Early Success and the Arrival of the 1932 Graham Blue Streak
Early success and the arrival of the 1932 Graham Blue Streak should give encouragement to entrepreneurs everywhere. The Graham brothers' first automotive products were an instant success, as production of 73,195 cars in 1928 permitted the new Graham-Paige organization to set a sales record for a new make of automobile in its first year (a sign of good things to come for the 1932 Graham Blue Streak).
Output peaked at 77,007 units in 1929, making Graham-Paige the largest of the "minor" independents -- those producing fewer than 100,000 cars annually -- and comfortably ahead of rival Hupmobile.
By the end of 1929, the Grahams commanded plants encompassing 2,095,000 square feet of manufacturing space, including the new assembly plant in Dearborn; a body plant in nearby Wayne, Michigan; a body framing plant in Evansville, Indiana; a lumber mill in Perry, Florida, that supplied wood to the Graham body plants; and a factory in Walkerville, Ontario, to supply cars for the Canadian market.
With the introduction of the second series 1930 models, the name of the car was shortened to Graham, while the Paige name was reserved for a new line of light commercial vehicles (discontinued in 1932). Despite the introduction of the hopefully named Prosperity Six in the spring of 1931, the deepening Depression caused production of Graham cars to decline to 20,428 for 1931.
To beat the Depression, something special was needed. Enter the Graham Blue Streak, which debuted on December 8, 1931, to universal acclaim and admiration.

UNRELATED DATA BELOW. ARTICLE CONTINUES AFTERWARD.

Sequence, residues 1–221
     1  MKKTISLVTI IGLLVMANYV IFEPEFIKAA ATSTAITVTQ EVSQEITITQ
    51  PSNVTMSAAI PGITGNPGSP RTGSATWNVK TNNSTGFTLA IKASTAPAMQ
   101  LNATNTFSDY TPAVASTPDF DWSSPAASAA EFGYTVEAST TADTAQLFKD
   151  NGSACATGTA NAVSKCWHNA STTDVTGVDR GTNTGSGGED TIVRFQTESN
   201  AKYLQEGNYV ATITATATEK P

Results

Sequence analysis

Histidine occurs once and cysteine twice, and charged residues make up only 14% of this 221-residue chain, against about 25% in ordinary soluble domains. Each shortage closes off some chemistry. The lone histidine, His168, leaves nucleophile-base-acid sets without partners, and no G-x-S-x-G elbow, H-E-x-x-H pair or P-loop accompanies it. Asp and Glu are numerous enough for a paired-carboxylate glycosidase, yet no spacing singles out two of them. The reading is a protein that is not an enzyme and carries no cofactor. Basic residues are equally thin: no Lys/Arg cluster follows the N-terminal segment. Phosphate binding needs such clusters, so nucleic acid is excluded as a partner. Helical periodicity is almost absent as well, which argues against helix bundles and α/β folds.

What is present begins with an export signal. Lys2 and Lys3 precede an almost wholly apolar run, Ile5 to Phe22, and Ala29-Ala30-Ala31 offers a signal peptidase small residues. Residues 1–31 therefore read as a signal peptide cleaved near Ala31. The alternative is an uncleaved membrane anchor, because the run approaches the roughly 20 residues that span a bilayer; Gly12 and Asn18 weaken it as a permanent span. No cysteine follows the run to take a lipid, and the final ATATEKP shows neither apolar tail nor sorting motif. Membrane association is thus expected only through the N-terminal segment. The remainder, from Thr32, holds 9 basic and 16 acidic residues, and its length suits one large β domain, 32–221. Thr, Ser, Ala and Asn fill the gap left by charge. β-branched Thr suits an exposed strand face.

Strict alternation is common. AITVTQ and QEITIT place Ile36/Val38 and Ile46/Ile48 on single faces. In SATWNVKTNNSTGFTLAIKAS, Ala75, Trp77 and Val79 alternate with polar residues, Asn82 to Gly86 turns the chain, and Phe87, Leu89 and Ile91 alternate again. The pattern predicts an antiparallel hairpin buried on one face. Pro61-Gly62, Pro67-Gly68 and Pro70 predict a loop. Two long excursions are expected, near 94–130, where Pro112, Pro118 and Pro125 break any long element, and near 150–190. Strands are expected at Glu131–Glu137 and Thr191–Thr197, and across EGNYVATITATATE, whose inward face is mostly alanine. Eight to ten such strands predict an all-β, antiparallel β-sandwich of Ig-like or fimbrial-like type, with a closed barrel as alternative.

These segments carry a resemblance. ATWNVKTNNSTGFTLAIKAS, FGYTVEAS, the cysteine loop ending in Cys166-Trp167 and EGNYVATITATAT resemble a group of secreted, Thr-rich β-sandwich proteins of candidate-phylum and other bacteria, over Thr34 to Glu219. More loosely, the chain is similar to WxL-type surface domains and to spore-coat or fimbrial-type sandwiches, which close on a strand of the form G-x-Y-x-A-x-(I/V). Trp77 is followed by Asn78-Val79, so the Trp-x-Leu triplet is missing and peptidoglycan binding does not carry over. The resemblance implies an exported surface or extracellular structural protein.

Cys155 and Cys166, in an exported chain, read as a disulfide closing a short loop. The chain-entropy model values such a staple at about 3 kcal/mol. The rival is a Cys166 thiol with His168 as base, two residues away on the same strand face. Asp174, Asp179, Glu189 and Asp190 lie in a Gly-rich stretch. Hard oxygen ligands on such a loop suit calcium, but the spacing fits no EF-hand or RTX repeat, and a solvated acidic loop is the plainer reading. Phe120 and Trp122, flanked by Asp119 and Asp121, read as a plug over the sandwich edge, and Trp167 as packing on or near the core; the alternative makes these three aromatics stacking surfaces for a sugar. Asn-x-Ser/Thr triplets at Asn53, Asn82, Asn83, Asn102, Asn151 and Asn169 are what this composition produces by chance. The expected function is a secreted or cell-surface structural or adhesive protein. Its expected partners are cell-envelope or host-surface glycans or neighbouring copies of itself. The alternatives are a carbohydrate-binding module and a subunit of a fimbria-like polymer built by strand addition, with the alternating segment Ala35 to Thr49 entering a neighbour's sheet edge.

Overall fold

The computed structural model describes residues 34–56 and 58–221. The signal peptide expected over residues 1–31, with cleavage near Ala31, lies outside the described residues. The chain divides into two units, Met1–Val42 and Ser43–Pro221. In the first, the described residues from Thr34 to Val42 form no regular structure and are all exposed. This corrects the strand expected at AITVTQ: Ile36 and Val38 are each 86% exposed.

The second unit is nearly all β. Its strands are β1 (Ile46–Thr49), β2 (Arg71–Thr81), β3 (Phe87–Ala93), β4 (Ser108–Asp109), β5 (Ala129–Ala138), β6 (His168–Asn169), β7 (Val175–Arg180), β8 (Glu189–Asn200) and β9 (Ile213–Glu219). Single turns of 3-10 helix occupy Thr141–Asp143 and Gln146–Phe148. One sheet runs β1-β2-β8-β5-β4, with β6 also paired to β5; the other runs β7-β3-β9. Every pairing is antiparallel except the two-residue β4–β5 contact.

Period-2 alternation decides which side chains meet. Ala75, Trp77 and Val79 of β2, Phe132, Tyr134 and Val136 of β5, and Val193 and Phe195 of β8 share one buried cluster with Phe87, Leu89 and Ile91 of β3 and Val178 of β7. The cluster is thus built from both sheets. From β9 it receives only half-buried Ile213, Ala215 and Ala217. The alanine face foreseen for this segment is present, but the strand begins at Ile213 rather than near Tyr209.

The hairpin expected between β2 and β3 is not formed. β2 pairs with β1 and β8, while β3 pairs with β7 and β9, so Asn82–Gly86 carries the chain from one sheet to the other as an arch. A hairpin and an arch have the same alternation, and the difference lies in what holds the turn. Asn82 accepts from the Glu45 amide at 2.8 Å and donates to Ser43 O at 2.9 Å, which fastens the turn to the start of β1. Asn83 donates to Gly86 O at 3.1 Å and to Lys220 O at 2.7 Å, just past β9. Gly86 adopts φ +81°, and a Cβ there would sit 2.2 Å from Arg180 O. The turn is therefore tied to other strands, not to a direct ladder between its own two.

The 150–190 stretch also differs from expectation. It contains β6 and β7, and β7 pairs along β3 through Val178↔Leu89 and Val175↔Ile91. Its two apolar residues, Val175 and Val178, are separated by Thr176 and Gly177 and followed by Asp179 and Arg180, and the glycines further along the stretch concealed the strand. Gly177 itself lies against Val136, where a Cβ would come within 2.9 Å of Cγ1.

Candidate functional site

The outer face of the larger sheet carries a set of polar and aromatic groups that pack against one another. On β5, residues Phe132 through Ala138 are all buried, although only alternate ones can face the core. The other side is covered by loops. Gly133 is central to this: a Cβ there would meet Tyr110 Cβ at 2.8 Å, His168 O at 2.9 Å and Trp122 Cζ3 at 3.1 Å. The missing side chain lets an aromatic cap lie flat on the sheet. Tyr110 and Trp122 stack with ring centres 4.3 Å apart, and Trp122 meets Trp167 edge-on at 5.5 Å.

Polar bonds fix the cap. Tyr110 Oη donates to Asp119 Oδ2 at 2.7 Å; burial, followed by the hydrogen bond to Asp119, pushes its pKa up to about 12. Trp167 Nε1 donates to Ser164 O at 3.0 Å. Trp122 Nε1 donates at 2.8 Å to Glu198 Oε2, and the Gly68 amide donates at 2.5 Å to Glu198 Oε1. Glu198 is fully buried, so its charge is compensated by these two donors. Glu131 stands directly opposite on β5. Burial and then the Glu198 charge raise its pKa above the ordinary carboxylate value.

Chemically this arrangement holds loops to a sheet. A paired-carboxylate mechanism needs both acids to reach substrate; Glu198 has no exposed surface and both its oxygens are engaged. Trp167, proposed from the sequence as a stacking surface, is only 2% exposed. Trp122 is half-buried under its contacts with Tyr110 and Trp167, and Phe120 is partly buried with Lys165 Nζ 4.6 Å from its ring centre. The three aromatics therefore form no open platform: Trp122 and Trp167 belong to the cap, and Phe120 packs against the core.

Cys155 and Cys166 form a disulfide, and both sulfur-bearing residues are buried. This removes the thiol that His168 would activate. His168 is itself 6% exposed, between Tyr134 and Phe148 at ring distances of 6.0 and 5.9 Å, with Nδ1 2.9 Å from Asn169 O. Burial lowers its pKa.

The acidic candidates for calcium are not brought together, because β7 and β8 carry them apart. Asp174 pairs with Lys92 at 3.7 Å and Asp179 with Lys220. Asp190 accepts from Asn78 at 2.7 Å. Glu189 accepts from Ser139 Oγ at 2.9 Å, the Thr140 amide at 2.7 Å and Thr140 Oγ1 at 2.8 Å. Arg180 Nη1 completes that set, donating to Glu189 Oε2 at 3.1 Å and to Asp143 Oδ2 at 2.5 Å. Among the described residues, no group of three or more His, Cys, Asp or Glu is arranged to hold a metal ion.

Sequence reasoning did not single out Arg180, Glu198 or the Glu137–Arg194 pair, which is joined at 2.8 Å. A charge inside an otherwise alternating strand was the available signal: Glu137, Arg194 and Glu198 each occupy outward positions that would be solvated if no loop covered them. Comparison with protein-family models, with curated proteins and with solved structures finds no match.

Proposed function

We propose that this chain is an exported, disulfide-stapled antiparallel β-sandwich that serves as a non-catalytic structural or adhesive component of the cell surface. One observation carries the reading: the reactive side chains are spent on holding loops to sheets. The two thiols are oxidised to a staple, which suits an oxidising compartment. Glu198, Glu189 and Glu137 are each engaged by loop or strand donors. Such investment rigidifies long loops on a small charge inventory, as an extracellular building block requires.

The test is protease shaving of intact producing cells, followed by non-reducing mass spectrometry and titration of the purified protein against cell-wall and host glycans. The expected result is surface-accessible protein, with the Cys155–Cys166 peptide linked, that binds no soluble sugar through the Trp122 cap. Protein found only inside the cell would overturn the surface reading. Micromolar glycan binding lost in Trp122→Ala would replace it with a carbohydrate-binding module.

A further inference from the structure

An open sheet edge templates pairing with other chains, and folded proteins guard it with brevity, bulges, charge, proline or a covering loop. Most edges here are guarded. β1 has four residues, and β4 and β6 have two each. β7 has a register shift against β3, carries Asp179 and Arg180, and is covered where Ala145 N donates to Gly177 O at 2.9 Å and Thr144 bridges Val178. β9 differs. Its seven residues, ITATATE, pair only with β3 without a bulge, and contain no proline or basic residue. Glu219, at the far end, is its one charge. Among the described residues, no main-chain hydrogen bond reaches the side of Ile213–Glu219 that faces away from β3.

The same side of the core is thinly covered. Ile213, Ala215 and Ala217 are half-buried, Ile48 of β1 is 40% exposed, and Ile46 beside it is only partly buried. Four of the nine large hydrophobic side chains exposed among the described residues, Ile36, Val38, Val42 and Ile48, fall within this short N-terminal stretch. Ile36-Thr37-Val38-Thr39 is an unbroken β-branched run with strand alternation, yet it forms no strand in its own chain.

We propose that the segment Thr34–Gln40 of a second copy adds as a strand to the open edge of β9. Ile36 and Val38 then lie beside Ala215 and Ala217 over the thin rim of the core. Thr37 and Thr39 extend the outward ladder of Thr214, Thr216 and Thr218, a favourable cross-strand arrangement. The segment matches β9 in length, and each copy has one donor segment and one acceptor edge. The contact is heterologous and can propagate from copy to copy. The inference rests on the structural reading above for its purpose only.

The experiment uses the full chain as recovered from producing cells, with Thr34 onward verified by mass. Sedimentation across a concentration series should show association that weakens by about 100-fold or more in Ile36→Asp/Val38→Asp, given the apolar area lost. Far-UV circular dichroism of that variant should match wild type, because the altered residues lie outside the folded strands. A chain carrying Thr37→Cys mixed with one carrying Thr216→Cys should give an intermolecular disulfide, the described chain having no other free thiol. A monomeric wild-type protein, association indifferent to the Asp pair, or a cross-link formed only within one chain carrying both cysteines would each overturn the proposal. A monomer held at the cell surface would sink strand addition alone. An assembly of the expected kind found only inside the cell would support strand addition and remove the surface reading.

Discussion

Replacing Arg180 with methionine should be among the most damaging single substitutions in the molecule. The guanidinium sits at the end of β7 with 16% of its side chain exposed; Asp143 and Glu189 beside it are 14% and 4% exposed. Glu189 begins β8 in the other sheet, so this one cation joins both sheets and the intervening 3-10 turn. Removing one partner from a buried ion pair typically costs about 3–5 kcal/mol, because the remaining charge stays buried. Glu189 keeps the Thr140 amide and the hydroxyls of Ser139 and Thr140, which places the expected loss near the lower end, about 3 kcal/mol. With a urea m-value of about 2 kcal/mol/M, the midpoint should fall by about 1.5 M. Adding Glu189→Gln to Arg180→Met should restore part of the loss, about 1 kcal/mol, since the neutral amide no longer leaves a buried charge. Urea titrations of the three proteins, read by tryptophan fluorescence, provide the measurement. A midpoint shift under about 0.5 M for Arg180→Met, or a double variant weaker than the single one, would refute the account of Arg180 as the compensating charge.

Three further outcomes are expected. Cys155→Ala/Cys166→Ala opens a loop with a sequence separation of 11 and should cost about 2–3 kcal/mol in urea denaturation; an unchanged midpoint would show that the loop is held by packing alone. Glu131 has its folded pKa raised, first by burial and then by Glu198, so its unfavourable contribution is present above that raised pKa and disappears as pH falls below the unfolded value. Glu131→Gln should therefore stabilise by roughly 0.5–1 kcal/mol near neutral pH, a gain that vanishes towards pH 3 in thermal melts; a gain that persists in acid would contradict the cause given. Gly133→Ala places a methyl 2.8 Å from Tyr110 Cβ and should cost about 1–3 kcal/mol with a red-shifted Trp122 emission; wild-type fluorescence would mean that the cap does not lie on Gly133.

The 1932 Graham Blue Streak Eights -- available only in sedan, three-window coupe, and convertible coupe body styles -- possessed a truly arresting appearance. Mounted over a generous 123-inch wheelbase, the stunning new bodies were smooth and rounded, with unsightly chassis parts concealed, especially at the rear.
Windshields -- one-piece on the sedan and coupe, two-piece on the convertible -- were raked at a sharp angle, which was mimicked by the louvers on the hood side panels and by the smartly sloped vee'd radiator grille, whose vertical pattern of bright bars tapered toward the bottom.
The hood ran right up to the grille surround molding (there was no separate radiator shell at all), and the radiator filler cap, long an accustomed protuberance on all cars, was tucked out of sight under the hood. Some customers thought the effect a bit too pure, so a "flying goddess"-type hood ornament was later offered.
Continue to the next page for more details on the 1932 and 1933 Graham Blue Streak.
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